People with Diabetes
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Bena in Uganda, aged 15

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Bena in Uganda, aged 15 With parents in Newcastle, aged 19 In Leicester, aged 25
Bena, 2004
 
 
Interview 9 Bena

Person with diabetes
Born in Uganda in 1954.
Diagnosed Type 1 in Uganda in 1965


Overview: Bena was born in the Kigezi District of Uganda, the daughter of a wealthy businessman. She was diagnosed when nearly 12 and then shunned by children who thought diabetes was contagious. She lived on chapattis and spinach and a bitter vegetable juice thought to cure diabetes. When Idi Amin expelled Ugandan Asians in 1972, her family came to England, and she was delighted to be allowed to eat a wider range of food. She eventually married an Englishman and had two daughters. She works as an office administrator, in a social services department that supports disabled children.

There are also interviews with Bena`s daughter, Emma and her husband, Terry.

Please note that Overview relates to date of recording 01 June 2004

 Short samples

1 An early sign that Bena had diabetes was the number of ants attracted to her urine around the hole in the ground that served her family as a toilet. But her doctor had never heard of a child getting diabetes and had to telephone Europe for advice [ 61 secs ]

2 When she was looking for work in Newcastle in 1977, she was careful to avoid mentioning her diabetes, because of the prejudice she encountered [ 52 secs ]

 
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01 Born Uganda, 1954. Dad born India, Mum Africa. Wealthy. High school. Diagnosed when nearly 12.
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02 Doctor hadn`t heard of childhood diabetes: phoned Europe to check. No ambulances. Rushed to hospital in doctor`s car. Unconscious.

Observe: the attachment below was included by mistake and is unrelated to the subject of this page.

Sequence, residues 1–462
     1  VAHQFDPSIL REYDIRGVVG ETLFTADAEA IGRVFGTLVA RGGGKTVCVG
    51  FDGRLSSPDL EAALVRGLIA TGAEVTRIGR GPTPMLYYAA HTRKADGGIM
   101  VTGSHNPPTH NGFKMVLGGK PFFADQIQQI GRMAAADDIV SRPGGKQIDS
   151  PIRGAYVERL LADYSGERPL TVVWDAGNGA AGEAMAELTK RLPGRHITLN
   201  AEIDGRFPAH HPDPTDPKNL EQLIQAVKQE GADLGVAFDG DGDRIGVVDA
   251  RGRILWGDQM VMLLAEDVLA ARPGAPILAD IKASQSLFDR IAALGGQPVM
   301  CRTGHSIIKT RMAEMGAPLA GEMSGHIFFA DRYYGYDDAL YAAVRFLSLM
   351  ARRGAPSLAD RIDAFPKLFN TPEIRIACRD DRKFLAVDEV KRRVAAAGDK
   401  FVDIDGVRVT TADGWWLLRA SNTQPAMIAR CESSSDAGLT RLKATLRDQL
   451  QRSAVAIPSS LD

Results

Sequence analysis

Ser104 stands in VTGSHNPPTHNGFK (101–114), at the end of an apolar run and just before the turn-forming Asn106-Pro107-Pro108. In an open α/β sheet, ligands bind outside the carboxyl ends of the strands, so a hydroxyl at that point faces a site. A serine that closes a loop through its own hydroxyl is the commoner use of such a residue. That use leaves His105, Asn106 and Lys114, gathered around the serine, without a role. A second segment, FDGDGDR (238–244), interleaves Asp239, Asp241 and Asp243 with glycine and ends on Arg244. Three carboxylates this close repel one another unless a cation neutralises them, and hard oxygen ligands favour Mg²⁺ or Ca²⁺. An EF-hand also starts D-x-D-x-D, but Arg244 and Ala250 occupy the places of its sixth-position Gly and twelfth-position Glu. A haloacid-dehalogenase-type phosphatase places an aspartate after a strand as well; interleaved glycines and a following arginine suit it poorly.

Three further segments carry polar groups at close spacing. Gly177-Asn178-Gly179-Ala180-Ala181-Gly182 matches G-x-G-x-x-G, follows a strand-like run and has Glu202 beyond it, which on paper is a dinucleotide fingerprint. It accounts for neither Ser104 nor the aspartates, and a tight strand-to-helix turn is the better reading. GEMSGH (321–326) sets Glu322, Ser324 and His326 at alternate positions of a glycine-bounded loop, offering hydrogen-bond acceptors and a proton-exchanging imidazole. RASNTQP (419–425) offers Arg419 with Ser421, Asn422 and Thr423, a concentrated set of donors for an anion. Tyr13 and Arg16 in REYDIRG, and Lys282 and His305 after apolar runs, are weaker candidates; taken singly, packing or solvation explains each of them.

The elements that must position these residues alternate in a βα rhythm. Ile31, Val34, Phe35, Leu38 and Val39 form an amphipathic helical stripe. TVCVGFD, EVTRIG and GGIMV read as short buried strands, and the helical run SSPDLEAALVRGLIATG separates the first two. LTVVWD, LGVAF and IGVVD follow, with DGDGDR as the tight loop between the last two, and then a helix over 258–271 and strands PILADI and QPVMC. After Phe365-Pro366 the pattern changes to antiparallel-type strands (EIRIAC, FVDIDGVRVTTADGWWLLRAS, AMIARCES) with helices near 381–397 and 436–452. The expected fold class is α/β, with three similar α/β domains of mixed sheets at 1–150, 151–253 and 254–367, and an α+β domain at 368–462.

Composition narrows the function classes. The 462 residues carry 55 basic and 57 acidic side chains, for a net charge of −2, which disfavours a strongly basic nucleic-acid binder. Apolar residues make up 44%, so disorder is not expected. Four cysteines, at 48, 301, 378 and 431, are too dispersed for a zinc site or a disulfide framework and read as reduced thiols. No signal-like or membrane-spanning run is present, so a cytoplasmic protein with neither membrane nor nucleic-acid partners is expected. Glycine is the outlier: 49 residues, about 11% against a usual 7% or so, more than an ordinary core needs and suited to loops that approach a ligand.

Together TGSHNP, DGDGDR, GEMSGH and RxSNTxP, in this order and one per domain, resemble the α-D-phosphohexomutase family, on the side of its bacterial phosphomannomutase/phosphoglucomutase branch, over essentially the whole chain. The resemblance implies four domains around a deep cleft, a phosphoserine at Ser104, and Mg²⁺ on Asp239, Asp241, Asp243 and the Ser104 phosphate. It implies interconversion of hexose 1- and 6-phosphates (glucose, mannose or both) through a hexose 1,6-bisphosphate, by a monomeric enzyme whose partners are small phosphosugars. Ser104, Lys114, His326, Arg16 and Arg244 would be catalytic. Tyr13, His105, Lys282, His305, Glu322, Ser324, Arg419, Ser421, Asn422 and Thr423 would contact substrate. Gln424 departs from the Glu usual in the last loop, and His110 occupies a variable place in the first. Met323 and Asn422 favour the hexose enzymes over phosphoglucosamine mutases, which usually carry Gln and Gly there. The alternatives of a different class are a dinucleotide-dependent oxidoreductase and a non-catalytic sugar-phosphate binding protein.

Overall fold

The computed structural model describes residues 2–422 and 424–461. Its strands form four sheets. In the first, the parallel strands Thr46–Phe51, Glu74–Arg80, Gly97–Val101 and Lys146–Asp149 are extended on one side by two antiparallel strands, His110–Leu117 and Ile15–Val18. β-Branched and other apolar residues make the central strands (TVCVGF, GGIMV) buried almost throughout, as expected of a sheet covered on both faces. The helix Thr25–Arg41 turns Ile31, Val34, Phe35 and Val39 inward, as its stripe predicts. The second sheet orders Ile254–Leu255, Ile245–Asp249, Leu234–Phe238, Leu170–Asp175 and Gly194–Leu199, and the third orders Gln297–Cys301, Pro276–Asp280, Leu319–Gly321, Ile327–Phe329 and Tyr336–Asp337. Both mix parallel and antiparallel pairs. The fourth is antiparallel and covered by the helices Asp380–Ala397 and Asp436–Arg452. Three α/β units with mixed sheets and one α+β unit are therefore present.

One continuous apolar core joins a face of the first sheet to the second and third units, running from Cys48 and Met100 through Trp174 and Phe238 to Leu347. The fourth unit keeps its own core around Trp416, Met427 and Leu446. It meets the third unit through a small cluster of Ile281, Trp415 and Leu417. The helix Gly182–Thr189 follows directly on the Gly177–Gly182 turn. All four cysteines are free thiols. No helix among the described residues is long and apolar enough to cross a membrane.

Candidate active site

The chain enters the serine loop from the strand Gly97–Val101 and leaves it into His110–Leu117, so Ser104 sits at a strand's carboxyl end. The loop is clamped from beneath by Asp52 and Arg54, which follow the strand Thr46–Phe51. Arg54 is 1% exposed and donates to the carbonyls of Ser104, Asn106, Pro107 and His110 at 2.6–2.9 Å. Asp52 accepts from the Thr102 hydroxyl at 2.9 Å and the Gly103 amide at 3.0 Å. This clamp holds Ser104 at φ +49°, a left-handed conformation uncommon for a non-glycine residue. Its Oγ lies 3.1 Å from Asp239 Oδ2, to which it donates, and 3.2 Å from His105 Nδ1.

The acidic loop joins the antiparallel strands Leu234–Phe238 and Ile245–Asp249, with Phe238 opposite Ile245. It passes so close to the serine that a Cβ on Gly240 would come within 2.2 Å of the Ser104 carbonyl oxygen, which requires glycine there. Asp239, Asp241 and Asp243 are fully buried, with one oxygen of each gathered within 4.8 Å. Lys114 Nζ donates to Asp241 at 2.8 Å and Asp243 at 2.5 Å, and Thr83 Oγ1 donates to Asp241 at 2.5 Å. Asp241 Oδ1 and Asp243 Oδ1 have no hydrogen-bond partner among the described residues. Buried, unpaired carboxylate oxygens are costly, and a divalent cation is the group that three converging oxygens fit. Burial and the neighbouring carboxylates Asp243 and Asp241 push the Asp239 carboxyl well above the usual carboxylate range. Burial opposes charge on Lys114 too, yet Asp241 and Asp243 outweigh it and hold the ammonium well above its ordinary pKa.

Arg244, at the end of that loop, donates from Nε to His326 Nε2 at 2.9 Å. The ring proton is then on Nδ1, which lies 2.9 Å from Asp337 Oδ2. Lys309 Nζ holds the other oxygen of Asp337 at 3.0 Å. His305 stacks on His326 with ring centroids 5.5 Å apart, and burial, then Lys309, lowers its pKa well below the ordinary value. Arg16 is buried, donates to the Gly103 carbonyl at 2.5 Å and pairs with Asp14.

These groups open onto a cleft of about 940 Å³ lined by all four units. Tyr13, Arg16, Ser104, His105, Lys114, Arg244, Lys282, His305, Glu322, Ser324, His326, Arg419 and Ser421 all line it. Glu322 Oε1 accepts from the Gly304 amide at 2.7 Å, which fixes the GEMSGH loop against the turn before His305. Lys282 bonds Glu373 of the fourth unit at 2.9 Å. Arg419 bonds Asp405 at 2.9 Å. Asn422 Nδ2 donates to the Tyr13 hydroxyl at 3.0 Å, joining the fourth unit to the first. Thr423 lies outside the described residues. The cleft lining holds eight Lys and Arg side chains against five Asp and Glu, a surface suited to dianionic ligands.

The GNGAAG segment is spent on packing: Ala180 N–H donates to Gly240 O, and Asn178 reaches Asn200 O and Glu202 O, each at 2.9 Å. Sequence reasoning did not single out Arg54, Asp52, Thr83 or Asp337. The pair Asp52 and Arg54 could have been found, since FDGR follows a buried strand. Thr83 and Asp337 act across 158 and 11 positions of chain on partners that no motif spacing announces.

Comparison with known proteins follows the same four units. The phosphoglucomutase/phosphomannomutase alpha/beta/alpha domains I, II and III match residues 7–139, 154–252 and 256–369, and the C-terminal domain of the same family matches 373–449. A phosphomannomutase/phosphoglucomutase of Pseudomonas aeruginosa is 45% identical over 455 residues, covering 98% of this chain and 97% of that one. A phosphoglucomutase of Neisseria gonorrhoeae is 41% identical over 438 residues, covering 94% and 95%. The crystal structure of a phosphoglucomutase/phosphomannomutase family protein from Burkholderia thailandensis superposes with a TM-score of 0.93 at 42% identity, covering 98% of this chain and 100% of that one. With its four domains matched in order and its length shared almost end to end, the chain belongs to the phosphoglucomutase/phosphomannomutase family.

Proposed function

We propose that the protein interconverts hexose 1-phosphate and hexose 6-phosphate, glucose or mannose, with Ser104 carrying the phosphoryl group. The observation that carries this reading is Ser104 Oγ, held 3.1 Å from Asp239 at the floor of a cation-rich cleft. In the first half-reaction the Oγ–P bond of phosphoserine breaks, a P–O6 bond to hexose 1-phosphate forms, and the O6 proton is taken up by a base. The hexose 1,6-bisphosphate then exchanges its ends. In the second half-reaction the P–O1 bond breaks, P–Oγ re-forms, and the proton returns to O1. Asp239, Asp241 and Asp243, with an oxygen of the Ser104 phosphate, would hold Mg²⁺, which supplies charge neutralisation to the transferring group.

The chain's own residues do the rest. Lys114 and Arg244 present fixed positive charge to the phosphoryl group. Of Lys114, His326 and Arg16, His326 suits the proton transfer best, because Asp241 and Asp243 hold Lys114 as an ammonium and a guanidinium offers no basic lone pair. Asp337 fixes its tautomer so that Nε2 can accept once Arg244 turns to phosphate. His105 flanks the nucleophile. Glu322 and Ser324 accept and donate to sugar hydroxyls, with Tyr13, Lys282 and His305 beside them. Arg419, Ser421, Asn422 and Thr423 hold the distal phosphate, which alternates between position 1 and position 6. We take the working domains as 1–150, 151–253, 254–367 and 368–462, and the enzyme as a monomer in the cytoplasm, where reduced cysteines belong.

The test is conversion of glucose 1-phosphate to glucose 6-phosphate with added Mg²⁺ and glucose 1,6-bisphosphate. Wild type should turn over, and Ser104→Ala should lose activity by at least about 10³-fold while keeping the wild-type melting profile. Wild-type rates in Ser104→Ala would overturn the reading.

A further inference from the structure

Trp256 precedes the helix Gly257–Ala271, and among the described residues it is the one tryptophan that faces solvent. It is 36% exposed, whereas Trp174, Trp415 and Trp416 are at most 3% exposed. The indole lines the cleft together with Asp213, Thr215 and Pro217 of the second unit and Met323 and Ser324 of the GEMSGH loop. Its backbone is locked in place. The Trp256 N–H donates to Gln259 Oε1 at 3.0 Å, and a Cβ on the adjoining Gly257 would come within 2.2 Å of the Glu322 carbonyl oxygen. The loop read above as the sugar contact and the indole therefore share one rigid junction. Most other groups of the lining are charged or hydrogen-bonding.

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03 Hospital said must have bread, so Dad woke baker.
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04 GP Indian; English doctor phoned Europe. Hospital had little knowledge. Gave insulin 4 times daily.
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05 Mum taught injections & urine testing. Low carbohydrate. Karela water. Hypoglycaemic for hours: doctor & parents didn`t understand.
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06 Before diagnosis, noticed ants round toilet hole in ground. Little warning of hypos. Drank water from bitter plants.
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07 People sold parents false remedies. Parents sought cure. Might have died if poor.
Parents not ashamed, but Hinduism made me wonder what I`d done wrong. Grandfather may have died of diabetes.
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08 Mum did injections. Disliked them. Later I did them, or sometimes GP. Wasn`t taught how. Karela advertised in “Balance”. Hospital gave no information.
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09 Diet of chapattis & spinach. “Why me?”. Lost friends because they thought diabetes contagious. Hard to sit on school bench because of boils on bottom.
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10 Teachers ignorant re diabetes & beat me on bottom – stopped by Dad. Forced to do PE despite cramps.
Also got abcesses: maybe allergic to insulin.
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11 No check-ups. Eyes bloodshot. Parents paid GP. Only had one friend.
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12 Left school ‘69, but repeated some classes. Did business studies, typing, dressmaking. 1971-2, Dad paid for tuition.
Expelled to England, 1972. Insulin scarce. 250 miles to Kampala. Military search took insulin, syringes & needles. Paid for insulin in Kampala.
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13 Doctors scarce in Kampala. In England put in military camp, where had check-up. 15 days in Yeovil Hospital. Changed insulin. They hadn`t heard of vegetarianism, so I just ate vegetables. Was allowed potatoes for 1st time & other foods – a miracle.
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14 Diet sheet, measured food, set meal-times. Allowed chocolate, but didn`t want to damage organs. Steel syringes & needles, but smaller. Urine testing.
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15 Felt better thanks to change of insulin & diet. Moved to Newcastle `73 & admitted to hospital again. Had first checks of eyes & feet. Went to chemist…
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16 …& tried to pay for insulin. Chemist explained free. In Newcastle hospital for week. Injections reduced to 2. Afterwards took urine to hospital on bus.